While I am currently following the trial of England's suspected "Crossbow Cannibal" Stephen Griffiths, I don't feel ready to post a complete opinion on the case. Like Dennis Rader and Missouri serial killer Timothy Krajcir, captured in 2007, Griffiths was a student of criminology, which is interesting since many factors of his case recall previous killers. The Crossbow Cannibal's hunting ground was the same area plagued by Yorkshire Ripper Peter Sutcliffe in the 1970s. Also, the law firm that represented Sutcliffe is now representing Griffiths. Griffiths' lawyers are also petitioning for Griffiths to be moved to a mental health facility, and Sutcliffe's attorneys pursued an insanity defense, which succeeded. The only difference between Griffiths (if he is the Crossbow Cannibal) and Sutcliffe is that Sutcliffe's victims were not dismembered. Last week, Griffiths attempted suicide in the same prison where Harold Shipman, possibly the most prolific serial killer in history, killed himself. As I said, my examination of Griffiths here is extremely preliminary. Knowing little about how the victims were killed, or Griffiths' upbringing, except that he reportedly hadn't spoken to his mother in several years, I don't have much to say in the way of psychological examination.
That the Crossbow Cannibal targeted prostitutes is hardly unusual. From Jack the Ripper onward, prostitutes are frequent victims of serial killers. While some psychologists suggest that prostitutes represent the depravity and evil of women that the killers loathe, criminal profilers say that prostitutes are merely available targets. Most women will not get into a stranger's car, but a prostitute's livelihood depends on doing just that. Also, to a woman-hating serial killer, all women are whores, regardless of occupation. All the killer wants is a woman to destroy. Prostitutes are simply the most convenient.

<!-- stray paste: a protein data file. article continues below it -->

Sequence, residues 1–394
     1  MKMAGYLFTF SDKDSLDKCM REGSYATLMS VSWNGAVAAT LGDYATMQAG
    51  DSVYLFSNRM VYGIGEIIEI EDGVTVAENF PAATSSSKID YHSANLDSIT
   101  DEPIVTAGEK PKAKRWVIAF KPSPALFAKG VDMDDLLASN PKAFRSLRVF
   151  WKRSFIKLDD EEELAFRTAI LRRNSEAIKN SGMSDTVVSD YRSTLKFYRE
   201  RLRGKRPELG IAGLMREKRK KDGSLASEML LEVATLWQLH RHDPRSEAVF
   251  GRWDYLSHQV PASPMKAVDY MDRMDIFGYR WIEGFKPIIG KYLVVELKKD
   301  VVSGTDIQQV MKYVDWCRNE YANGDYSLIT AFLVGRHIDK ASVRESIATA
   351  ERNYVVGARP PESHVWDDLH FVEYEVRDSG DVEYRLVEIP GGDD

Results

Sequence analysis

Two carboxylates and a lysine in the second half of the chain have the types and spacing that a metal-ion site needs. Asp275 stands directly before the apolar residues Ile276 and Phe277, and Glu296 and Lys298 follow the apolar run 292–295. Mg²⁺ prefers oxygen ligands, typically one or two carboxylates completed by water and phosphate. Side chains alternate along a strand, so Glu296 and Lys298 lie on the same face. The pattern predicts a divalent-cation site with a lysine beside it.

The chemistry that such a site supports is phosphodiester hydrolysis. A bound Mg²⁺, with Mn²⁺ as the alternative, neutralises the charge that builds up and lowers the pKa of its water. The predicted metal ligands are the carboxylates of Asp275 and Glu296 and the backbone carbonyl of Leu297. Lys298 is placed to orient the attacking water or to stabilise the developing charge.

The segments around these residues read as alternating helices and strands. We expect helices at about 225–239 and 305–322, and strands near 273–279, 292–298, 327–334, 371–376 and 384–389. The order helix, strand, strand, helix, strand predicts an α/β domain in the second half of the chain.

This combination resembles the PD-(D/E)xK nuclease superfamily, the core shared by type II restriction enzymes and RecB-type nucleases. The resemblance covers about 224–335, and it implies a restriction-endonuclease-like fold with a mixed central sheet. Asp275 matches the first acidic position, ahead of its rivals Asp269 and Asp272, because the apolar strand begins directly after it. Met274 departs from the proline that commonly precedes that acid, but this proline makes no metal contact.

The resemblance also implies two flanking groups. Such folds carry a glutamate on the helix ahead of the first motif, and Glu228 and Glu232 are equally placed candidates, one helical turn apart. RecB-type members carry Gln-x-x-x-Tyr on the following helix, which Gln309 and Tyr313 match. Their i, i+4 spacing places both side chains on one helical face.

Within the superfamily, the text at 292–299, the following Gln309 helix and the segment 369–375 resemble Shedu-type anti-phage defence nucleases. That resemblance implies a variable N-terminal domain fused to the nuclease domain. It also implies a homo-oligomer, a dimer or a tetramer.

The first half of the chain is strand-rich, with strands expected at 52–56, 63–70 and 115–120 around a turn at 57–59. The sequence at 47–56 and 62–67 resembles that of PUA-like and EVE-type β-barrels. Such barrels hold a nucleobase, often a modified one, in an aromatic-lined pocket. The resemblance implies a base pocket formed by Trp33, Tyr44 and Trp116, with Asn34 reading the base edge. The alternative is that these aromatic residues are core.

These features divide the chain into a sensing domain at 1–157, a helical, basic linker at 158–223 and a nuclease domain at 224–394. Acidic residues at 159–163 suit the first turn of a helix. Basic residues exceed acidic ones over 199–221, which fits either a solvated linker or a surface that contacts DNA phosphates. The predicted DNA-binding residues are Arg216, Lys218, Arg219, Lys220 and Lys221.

One question I've been asking myself lately is: Why do we focus our fear on serial killers when there are so many other dangers facing us, like car crashes, domestic disputes, on the job accidents, war, and other random dangers. As crime writer Harold Schecter wrote, a person is far more likely to be killed driving home than by a serial killer. Those dangers are scattered, and a serial killer on the loose in a community gives a face and, later, a name to the general fear we feel in an often scary world. The apprehension of a serial killer, although only making us marginally safer, because all the other ills of the world are still out there, is still considered a major victory in the fight for public safety. We feel powerless against all the dangers that face us, because we never know when or how, or which one, will strike. Our own bodies could develop disease and kill us, as could family members and the morning commute. Bringing a serial killer to justice is a symbolic control over these ills, since the killer has become the personification of all that is bad in our world. Locking up, or killing, the killer is a minor victory. But in a world full of uncertainty, it's still a victory, a triumph over the evils that haunt us.